Codependent Lesbian Space Alien Seeks Same (2011)

There was a point sometime in the past decade—at least as early as 2014’s Sharknado 2: The Second One—where I completely lost my appetite for ironic “bad”-on-purpose schlock.  Even retro broadcasts of Mystery Science Theatre 3000 have lost their luster for me, as I often find myself wishing I was just watching the B-movies being mocked without all the Gen-X sarcasm spoiling the mood.  Based on its title, its blatant Ed Wood homages, and its $10 budget, I was worried that Codependent Lesbian Space Alien Seeks Same would be the exact kind of lazy B-movie throwback that I’ve lost my appetite for in recent years.  I was wrong. It’s incredibly funny & heartwarming, joining the ranks of the few rare examples of digital-era retro schlock that’s genuinely entertaining as the genre relics it’s parodying: Don’t Let the Riverbeast Get You!, B.C. Butcher, The Lost Skeleton of Cadavra, etc.  Its cheap digital sheen & buzzing room tones almost scared me away in the very first scene, but by the end I was wishing it was a pilot for a What We Do in the Shadows-style sitcom instead of a standalone film.

The titular lovelorn Lesbian Space Aliens are basically a rehash of The Coneheads, complete with bald caps and robotic vocal inflections.  They’ve been exiled to Earth from planet Zots because their “big emotions” are eroding their homeworld’s ozone layer.  The plan is for the trio of romantic misfits to enter the dating pool in NYC, where they’re sure to have their hearts broken and return to Zots emotionally numb.  While one of the Zotsians is a shameless flirt seeking “hot alien-on-Earthling action,” the other two are just painfully lonely.  Their romantic mishaps on the NYC singles scene are mostly an absurd excuse to make tragicomic observations about the quirks of lesbian dating – the kinds of anxious “Are we being friendly or are we flirting?” observations that still routinely make the rounds on Twitter.  Every character in their orbit is oddly loveable in their downtrodden, softspoken misery – right down to the self-deprecating G-men who’re assigned to uncover their UFO launching site.  And when one alien does make a genuine romantic connection, it’s more satisfying than any mainstream romcom storyline Hollywood has produced in decades.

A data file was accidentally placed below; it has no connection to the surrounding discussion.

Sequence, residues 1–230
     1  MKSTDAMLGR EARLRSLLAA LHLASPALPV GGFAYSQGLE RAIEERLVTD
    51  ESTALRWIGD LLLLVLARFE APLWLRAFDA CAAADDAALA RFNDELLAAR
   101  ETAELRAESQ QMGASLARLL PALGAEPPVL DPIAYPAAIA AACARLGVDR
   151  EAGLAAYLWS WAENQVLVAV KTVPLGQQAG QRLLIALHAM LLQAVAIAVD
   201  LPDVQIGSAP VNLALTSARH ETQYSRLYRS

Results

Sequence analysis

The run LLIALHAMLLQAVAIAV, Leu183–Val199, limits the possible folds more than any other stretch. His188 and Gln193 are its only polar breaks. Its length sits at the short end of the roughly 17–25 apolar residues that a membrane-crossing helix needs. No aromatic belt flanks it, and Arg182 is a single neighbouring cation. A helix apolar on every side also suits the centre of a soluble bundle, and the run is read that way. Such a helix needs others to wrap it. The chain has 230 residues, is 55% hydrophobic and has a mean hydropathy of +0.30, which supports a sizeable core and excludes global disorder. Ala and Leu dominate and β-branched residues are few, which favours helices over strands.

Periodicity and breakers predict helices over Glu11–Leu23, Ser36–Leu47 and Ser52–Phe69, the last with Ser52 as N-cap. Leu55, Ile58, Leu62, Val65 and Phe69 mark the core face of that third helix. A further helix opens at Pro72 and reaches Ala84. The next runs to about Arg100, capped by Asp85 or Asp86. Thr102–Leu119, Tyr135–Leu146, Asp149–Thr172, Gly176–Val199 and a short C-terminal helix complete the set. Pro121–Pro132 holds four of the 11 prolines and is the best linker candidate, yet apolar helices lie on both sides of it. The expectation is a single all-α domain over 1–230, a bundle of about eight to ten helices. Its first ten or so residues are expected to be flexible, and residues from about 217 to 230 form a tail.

I’m not surprised to learn that Codependent Lesbian Space Alien Seeks Same originated as a queer-culture stage play in the early 90s, nearly two decades before its movie adaptation.  Its writing & performances are much better defined than most backyard digi movies on its production level, and its retro-schlock patina is more of a launching pad for its humor than it is the entire joke.  The film was met with high praise when it premiered at Sundance & Out Fest in the early 2010s but hasn’t had much of a cultural impact in the decade since.  Anecdotally, it appears to have a low number of viewers but a high satisfaction rate, and director Madeleine Olnek at least went on to helm the more robust production Wild Nights with Emily (with Susan Ziegler, the actor who plays the codependent lesbian space alien Zoinx, in tow).  I totally get audiences’ general suspicion of low-budget, “bad”-on-purpose B-movie parodies like this, but it’s one of the good ones – meaning it’s one that has a sincere heart beating in its chest, just beneath its irony-coated novelty skeleton.

-Brandon Ledet

One thought on “Codependent Lesbian Space Alien Seeks Same (2011)

  1. Pingback: #52FilmsByWomen 2021 Ranked & Reviewed | Swampflix

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